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Sonata for violin and piano no. 1

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Andante-Allegro – Scherzo – Andante – Allegro vivace

The Violin Sonata no.1 is Godard’s first work, composed in 1866 at the age of seventeen. The work’s dedication is to the violinist and ‘friend’ of the composer Richard Hammer, who taught Godard and his sister when they were children. It starts with an Andante introduction, which states in duple time the thematic material of the passionately expressive triple-time Allegro that will follow. The entire movement is based on the alternation between these two sections with their contrasting metres and tempos. The second movement opens with a thundering unison from the two instruments, which present fortissimo a motif characterised by its concise dotted rhythm that will irrigate the whole of this Scherzo; aside from this energetic motif, the movement derives its variety from the bold dynamic contrasts of nuances that punctuate the discourse. In the Andante in A flat major, first the piano, then the violin state a highly expressive, richly harmonised melody that suggests Schumann’s influence on Godard. The Allegro vivace that concludes the sonata features a first theme with jagged contours. The second theme, presented on the piano over a pedal point in the violin part, is characterised by its dactylic rhythm, which this time recalls the style of Schubert (notably, in a quite different context, the second movement of the ‘Death and the Maiden’ Quartet). This first sonata already contains many of the qualities that will recur throughout Godard’s output: lyricism, harmonic refinement and dramatic ambition – and a pronounced taste for German music, excluding that of Wagner.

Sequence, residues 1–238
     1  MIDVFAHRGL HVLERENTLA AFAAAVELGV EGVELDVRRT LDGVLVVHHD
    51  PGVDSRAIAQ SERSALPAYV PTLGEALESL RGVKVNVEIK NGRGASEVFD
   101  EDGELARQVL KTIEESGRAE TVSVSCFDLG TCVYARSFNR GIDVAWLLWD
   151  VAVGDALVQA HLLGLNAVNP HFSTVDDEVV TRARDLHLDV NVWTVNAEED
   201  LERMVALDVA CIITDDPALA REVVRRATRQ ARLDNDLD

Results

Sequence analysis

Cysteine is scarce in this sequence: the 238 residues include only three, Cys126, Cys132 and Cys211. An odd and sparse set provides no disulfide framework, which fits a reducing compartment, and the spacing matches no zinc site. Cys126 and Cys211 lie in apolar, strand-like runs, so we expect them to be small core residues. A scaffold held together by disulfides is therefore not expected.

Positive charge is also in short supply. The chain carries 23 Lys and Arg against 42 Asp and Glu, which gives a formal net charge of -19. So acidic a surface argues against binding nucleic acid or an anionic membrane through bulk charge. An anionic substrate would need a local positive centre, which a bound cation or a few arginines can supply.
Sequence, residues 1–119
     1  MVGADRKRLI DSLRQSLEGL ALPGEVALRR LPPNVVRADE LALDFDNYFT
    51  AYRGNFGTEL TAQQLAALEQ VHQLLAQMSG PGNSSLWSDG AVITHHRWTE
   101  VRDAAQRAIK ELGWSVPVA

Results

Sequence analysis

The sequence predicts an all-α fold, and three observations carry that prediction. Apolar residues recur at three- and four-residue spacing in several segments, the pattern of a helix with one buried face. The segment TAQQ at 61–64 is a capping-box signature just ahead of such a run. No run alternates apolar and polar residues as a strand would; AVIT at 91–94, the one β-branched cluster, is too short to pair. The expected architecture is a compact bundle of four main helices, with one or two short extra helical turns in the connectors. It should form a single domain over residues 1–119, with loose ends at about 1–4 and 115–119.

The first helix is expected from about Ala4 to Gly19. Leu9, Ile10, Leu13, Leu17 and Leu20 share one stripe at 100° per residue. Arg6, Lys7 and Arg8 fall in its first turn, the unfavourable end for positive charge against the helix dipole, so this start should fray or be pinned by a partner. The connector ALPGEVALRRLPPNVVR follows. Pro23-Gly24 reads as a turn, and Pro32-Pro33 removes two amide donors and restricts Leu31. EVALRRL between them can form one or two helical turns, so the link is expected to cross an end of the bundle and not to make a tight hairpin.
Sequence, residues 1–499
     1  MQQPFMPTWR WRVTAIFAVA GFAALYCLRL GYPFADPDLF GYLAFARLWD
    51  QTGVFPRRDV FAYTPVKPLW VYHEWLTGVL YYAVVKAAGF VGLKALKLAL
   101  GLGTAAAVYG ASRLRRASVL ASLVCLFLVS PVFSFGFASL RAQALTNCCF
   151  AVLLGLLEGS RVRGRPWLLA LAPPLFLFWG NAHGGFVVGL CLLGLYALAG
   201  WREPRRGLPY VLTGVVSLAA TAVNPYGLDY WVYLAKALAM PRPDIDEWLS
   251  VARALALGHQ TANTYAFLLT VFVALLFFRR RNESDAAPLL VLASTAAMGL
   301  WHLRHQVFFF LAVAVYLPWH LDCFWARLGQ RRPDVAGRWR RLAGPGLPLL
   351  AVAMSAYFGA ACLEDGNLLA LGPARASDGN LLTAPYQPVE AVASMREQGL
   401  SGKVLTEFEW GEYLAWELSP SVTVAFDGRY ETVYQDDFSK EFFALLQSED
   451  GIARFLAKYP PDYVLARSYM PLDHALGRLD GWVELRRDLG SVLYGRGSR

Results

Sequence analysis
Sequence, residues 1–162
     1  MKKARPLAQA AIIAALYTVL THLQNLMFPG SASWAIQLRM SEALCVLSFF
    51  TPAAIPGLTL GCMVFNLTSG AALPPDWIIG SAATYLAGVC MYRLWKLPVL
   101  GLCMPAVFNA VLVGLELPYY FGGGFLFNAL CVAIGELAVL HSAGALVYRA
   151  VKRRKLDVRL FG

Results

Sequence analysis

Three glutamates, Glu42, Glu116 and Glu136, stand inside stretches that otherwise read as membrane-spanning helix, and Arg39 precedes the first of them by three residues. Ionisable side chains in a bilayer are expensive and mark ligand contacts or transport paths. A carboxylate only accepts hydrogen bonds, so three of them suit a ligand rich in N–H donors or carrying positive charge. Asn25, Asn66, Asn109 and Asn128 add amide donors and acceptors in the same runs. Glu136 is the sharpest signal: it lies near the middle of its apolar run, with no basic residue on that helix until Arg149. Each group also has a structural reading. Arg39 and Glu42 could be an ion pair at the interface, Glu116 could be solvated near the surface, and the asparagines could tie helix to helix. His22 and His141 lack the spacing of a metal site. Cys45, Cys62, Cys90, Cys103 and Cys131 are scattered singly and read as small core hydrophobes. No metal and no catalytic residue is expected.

publication date : 25/09/23

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